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  • Writer's pictureReshma Jain

India's first transgender Kathak performer

She was born as a ‘male’. From a very young age, she did not identify with the gender assigned at birth. She felt trapped in a male body. She had qualities traditionally ascribed to women and loved doing everything a girl ‘normally’ does. Unfortunately, her family taunted her and her parents felt ashamed of giving birth to such a child. While friends bullied her, society awarded her with countless titles. What next?



She was raped, not once, but several times by her cousins. She was attacked, abused, harassed, bullied, and was considered taboo. Life was more of misery, hardships, and adversities. Not being able to cope with the stigma attached to the transgender community, she attempted suicide. However, destiny had different plans for her and she says that God gave her a new lease of life to prove to the world that ‘Gender, is, after all, just gender.’


Well, we are speaking about 30-year-old Devendra S Manglamukhi, India's first transgender kathak performer and teacher who has been a member of the Rajasthan Transgender welfare board. From bullying, harassment, and difficulties to a successful and renowned performer who made India proud.


At the tender age of six, Manglamukhi embraced femininity by wearing frocks and make-up. She loved painting, dancing, singing, artwork, etc. With no support from family and society, Manglamukhi was left to fend for herself from the age of 14. Not knowing what to do, Manglamukhi, like other transgenders became a sex worker and also started begging for money on trains.


Manglamukhi was a brilliant student in her school and was active in all the extra-curricular activities. Having a penchant for dance, Manglamukhi completed her graduation and went ahead to chase her dreams. She went to Lucknow for learning Kathak in one of the renowned Kathak Kendra. Although she performed very well, the other dancers bullied her. There was a lot of discrimination but Manglamukhi did not let this deter her passion. However, she could not continue her course as she was asked to leave the institution as they do not teach ‘Hijras’. Heights of discrimination!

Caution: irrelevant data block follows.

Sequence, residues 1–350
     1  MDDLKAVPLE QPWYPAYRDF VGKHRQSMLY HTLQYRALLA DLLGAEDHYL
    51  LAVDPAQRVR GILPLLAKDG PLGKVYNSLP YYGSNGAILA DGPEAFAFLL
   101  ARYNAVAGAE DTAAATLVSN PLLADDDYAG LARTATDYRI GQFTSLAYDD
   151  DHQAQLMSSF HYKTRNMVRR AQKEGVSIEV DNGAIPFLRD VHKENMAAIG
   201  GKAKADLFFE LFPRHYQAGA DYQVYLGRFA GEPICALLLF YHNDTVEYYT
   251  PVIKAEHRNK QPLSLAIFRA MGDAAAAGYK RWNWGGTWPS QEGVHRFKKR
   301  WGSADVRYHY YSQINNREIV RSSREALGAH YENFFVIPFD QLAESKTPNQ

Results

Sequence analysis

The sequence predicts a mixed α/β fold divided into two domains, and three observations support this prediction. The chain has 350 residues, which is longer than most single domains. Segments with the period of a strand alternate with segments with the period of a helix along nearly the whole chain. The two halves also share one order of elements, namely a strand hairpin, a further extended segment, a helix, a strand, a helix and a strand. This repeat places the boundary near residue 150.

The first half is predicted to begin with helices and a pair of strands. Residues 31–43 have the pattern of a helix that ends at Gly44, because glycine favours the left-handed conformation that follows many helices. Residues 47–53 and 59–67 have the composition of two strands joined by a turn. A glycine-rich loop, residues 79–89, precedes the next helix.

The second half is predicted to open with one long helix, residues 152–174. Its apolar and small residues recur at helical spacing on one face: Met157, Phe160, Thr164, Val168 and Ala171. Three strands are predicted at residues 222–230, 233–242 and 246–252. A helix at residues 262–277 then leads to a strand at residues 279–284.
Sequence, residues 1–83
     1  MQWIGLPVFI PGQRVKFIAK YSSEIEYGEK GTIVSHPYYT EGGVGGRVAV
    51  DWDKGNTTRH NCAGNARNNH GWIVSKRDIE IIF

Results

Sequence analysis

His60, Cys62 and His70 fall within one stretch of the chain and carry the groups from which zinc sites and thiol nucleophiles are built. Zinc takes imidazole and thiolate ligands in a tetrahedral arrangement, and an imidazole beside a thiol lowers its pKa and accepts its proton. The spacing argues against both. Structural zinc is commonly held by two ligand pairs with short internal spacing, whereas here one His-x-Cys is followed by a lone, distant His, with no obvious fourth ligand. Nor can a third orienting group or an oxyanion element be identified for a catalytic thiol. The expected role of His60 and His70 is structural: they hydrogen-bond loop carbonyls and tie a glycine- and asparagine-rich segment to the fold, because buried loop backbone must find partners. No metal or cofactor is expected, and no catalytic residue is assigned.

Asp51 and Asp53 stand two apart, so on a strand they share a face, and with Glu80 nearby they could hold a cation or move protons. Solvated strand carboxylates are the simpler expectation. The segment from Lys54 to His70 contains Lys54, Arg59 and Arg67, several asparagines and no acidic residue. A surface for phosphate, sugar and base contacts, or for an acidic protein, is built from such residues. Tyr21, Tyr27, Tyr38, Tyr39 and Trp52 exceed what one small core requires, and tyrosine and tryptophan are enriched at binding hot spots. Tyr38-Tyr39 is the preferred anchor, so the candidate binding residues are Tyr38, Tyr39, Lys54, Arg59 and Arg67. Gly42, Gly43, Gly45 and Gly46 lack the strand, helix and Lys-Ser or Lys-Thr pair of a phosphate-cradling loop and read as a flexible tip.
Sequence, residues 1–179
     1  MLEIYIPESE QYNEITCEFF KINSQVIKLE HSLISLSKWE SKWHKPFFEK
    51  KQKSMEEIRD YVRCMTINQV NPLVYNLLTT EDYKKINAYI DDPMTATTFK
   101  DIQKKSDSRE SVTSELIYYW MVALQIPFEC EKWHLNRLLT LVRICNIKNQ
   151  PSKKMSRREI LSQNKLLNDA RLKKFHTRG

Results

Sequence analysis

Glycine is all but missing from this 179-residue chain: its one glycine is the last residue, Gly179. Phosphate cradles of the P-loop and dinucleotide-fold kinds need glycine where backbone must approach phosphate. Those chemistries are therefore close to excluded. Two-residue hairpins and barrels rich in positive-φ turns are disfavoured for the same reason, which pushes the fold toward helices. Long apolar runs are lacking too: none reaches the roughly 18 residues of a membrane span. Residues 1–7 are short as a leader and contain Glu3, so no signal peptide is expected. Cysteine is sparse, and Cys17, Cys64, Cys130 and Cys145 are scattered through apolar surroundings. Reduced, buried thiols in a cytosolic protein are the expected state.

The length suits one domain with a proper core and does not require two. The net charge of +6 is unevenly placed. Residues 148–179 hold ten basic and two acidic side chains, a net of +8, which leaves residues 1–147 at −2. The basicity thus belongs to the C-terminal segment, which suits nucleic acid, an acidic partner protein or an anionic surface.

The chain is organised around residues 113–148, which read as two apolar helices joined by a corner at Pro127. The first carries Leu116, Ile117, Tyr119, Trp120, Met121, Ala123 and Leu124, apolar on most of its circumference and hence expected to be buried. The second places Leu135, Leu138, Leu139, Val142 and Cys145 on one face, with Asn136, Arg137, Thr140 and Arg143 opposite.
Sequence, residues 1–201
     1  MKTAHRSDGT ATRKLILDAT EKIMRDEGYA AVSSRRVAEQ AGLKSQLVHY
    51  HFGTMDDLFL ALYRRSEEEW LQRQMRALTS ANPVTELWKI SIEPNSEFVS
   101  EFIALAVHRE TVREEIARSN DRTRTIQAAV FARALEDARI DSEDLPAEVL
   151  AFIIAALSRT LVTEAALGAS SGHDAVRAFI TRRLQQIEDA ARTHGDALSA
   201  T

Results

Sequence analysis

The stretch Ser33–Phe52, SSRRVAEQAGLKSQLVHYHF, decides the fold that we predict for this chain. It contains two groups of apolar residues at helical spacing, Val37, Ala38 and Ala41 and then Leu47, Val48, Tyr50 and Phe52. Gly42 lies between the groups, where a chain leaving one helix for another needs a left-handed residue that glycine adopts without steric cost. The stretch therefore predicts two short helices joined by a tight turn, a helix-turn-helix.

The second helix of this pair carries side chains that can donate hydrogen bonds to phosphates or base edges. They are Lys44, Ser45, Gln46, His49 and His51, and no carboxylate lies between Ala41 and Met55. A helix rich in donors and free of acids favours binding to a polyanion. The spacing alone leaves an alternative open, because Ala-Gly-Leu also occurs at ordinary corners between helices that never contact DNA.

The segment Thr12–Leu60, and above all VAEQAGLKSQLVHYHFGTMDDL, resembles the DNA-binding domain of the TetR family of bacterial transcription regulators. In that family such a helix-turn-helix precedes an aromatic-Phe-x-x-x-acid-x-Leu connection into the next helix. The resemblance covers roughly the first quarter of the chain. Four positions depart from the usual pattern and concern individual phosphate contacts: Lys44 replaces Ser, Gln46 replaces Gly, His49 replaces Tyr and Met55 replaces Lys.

An incident that Manglamukhi shared was shocking. Someone had poured tarpaulin oil on the floor so that she slips and falls. “I slipped and broke my leg. It took a lot of time to recover. But it was a life lesson I learned and it gave me more strength to continue dancing. After having learned Kathak for a year in Lucknow, I came back and learned the nuances of Kathak all by myself,” stated Manglamukhi who later bagged a National award by the Ministry of Culture in collaboration with Sanskar Bharti.


She went on to share her horrifying experiences as a child and a teenager. “My family was going to a wedding and I was stopped by my cousin. He lured me to a room by promising to give me a Cadbury chocolate. He raped, abused, and blackmailed me. I cried and shouted but to no avail. Instead, when I informed my family, they said that I was at fault.


‘Who told you to dress up and behave like a girl? Are you not attracting their attention?’, they asked. ‘Wear a shirt and pants and nothing of this sort shall happen’, said my family members. I was speechless and this incident led to sleepless nights. There was nobody with whom I could share or express my emotions,” shared Manglamuki adding that her cousins misbehaved with her several times.


Being India's first transgender artist, Manglamukhi has performed in prestigious festivals in India and abroad. “One impact I would like to see is in the mindset of people to consider us as human first and not to judge based on gender. All are equal and there should be no discrimination or stigma based on gender. We should also be included in the mainstream and should be given equal opportunities,” said Manglamukhi who is teaching free classical Kathak dance to transgender students.


In an effort to provide a platform and make people from the LGBTQ community independent, Manglamukhi’s future plan is to open a dance school exclusively for the community. “From vocal music, and instrumental music to drama, I want to open this school dedicated to art and culture,” concluded Manglamukhi who has been arranging and distributing rations to the LGBTQ community during the lockdown.

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